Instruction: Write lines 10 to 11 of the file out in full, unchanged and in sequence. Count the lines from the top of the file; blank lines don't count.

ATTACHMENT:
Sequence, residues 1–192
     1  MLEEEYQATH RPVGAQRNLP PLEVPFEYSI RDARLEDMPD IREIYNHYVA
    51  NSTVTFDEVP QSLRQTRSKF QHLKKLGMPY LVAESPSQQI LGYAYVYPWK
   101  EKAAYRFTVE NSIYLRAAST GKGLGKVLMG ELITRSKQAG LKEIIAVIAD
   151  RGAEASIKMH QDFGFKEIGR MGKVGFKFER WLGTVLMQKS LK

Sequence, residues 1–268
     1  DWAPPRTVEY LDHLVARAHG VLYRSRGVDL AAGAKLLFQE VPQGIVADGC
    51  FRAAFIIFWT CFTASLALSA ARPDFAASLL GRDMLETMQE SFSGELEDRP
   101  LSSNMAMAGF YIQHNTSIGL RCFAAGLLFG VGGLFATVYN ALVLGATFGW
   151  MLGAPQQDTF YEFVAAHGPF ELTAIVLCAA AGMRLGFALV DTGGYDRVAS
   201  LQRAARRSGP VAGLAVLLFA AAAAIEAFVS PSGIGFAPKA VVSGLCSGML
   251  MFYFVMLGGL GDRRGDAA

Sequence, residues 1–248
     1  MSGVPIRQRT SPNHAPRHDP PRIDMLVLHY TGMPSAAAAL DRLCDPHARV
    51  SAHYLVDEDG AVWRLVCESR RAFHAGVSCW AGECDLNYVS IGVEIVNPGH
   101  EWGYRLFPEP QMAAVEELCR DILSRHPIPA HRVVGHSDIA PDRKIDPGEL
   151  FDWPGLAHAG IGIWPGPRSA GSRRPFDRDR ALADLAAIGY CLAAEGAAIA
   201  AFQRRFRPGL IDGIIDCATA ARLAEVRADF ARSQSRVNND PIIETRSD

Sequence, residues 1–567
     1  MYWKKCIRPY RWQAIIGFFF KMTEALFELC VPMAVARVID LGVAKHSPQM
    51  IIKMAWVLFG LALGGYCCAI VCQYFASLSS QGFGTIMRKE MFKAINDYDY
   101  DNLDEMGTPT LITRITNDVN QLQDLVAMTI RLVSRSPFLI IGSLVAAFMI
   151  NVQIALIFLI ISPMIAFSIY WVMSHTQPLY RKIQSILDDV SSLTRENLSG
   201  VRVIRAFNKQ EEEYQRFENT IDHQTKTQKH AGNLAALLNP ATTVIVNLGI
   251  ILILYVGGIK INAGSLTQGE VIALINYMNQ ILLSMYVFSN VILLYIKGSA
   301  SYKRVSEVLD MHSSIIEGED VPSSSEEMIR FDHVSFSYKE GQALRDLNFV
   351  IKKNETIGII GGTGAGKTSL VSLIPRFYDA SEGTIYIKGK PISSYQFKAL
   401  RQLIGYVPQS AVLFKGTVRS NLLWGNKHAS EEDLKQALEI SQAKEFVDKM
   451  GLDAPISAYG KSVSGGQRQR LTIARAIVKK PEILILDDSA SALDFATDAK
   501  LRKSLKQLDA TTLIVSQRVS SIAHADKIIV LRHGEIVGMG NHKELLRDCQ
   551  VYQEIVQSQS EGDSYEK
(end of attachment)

   151  MLGAPQQDTF YEFVAAHGPF ELTAIVLCAA AGMRLGFALV DTGGYDRVAS
   201  LQRAARRSGP VAGLAVLLFA AAAAIEAFVS PSGIGFAPKA VVSGLCSGML